Pete had been dating a Finn in the UK for a few years when she asked if he would like to move to Finland with her. His answer: “Let’s do it!” He had visited Finland once before and enjoyed the abundance of nature here. As a self-described “somewhat introvert”, he admired the level of personal space that people expect, too.
1. What I find surprising about working in Finland is… things just work here. There is very little bureaucratic or hierarchical nonsense. I can approach my department boss or even the organisation’s director if needed and get from them direct, concrete answers.
2. My favourite thing about Finland is… the work hard, play hard mentality. Finns have an admirable work ethic and take their well-deserved downtime seriously. It’s difficult not to be impressed and want to follow their example.
3. The piece of advice I would give to someone contemplating coming to work in Finland is… learn the language – I know it’s daunting at first but doing so will reduce stress from Finnish-language paperwork and also help you communicate with and relate to Finns. I recommend Viivi and Wagner comics as they will teach you the Finnish humour too. Also change your device languages to Finnish to learn that vocabulary in the background.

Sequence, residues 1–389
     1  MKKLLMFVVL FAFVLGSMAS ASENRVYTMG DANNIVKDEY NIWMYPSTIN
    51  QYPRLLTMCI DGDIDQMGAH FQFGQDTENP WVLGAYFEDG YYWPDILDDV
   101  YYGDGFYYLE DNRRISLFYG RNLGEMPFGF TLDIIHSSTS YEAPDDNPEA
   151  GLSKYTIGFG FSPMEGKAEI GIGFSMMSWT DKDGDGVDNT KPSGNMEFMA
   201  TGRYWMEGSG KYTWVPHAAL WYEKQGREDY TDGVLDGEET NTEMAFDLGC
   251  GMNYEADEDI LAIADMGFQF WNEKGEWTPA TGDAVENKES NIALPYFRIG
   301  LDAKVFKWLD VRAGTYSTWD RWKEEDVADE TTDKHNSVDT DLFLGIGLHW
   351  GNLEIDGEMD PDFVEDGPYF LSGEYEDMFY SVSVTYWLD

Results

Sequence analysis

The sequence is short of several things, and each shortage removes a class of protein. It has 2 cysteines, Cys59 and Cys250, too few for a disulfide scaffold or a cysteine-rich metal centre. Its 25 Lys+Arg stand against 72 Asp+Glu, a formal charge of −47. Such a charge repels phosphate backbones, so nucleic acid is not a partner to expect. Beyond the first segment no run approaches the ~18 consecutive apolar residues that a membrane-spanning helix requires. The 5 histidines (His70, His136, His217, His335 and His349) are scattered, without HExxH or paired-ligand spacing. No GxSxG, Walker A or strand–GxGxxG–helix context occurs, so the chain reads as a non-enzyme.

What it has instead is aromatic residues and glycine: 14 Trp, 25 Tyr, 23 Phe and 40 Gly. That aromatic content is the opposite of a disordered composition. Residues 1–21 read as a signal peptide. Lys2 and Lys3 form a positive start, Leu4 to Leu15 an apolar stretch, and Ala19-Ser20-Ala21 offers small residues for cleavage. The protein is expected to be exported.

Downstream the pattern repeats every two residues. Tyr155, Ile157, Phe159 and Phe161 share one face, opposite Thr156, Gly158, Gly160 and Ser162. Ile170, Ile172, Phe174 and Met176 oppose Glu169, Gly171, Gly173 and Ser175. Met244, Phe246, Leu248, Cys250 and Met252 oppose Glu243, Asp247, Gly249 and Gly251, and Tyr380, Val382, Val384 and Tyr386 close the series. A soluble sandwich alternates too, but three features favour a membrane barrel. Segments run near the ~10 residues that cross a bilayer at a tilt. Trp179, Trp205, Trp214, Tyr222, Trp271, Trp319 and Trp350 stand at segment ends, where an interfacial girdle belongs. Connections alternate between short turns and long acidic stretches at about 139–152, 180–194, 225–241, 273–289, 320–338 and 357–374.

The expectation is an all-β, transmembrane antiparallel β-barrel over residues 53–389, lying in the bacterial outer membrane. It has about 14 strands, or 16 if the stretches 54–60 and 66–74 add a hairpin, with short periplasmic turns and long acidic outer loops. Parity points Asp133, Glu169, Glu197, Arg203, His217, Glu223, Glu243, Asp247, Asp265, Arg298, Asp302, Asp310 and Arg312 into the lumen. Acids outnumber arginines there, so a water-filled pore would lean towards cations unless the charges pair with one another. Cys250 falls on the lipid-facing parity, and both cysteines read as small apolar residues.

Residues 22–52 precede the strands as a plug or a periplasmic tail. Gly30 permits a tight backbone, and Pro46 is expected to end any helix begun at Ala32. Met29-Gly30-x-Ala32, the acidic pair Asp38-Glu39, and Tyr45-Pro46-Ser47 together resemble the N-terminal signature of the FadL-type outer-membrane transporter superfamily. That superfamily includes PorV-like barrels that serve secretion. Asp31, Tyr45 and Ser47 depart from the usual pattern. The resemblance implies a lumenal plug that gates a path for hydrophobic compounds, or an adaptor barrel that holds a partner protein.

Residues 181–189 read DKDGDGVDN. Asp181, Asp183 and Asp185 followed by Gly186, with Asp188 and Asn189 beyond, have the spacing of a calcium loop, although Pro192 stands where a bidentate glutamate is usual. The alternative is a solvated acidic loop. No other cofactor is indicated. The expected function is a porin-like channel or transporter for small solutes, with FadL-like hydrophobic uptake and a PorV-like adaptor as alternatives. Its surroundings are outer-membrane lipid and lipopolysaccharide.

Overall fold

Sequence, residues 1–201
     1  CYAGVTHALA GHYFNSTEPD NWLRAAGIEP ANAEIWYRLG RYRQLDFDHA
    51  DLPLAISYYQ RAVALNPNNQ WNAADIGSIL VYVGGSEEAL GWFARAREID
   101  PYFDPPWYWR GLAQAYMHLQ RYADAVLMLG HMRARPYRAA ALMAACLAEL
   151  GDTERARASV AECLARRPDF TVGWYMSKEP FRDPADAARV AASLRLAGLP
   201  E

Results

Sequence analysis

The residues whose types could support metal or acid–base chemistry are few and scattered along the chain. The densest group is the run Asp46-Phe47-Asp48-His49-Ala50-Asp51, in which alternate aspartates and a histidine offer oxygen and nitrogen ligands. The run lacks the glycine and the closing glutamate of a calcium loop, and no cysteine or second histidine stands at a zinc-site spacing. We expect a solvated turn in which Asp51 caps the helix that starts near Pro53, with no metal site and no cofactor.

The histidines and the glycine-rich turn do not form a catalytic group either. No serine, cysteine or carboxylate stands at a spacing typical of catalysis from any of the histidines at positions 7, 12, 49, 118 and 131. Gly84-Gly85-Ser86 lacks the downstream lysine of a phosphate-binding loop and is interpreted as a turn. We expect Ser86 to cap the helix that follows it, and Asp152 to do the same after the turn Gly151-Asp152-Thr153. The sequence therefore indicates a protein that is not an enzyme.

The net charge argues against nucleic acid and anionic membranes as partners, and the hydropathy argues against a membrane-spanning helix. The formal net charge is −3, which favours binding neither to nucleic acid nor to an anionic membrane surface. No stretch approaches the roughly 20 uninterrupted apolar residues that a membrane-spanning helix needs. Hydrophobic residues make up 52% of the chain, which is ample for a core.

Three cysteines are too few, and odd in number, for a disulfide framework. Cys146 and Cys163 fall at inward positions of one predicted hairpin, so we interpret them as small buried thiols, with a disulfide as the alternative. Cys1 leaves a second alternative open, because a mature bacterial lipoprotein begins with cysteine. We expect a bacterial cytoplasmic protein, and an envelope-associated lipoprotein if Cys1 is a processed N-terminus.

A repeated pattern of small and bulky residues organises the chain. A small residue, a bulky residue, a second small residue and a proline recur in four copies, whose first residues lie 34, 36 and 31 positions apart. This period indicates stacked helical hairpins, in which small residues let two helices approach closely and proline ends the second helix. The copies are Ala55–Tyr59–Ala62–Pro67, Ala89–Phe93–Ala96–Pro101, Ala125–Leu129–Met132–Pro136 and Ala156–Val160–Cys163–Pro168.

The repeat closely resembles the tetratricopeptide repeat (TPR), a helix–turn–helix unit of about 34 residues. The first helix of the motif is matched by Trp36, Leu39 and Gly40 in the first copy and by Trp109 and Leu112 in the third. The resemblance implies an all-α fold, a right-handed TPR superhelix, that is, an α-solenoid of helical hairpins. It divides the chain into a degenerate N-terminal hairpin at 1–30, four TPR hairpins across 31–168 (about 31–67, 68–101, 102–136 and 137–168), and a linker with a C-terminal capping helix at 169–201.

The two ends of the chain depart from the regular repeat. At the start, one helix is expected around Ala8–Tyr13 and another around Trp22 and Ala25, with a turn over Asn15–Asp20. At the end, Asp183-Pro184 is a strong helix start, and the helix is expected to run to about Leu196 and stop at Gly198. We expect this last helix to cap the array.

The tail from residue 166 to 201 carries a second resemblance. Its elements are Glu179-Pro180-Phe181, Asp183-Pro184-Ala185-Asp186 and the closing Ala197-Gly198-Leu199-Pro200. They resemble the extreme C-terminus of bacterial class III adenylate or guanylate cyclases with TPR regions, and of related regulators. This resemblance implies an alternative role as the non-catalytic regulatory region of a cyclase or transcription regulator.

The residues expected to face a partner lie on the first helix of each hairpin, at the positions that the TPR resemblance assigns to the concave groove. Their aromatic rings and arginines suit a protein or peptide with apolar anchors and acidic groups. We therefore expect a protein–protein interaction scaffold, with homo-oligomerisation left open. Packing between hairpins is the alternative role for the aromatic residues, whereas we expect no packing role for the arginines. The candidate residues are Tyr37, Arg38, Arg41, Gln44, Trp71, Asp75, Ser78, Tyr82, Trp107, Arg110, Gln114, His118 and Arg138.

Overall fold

Or: prepare your wardrobe – the distance between high and low temperatures is increasing here and as the great Billy Connolly said, “There’s no such thing as bad weather, just the wrong clothing”.
4. The Finnish word that best describes working here is… ‘reiluus’ – fairness. If you work dutifully and honestly, it will be appreciated and recognised. Shortly you will find your colleagues will match the energy you put in. If you don’t, well, don’t be surprised how that energy is matched too.
5. The biggest change Finland has undergone since I have lived here is… how Finland is known in the world. Finland used to feel so disconnected and finding news on Finland in the world media was a rare and exotic thing. Now, the world knows who Finland is and what it has to offer. I do miss those funny moments when people said: “Finland, is that in Sweden”? Nowadays I feel proud to hear the good things people have heard about the country.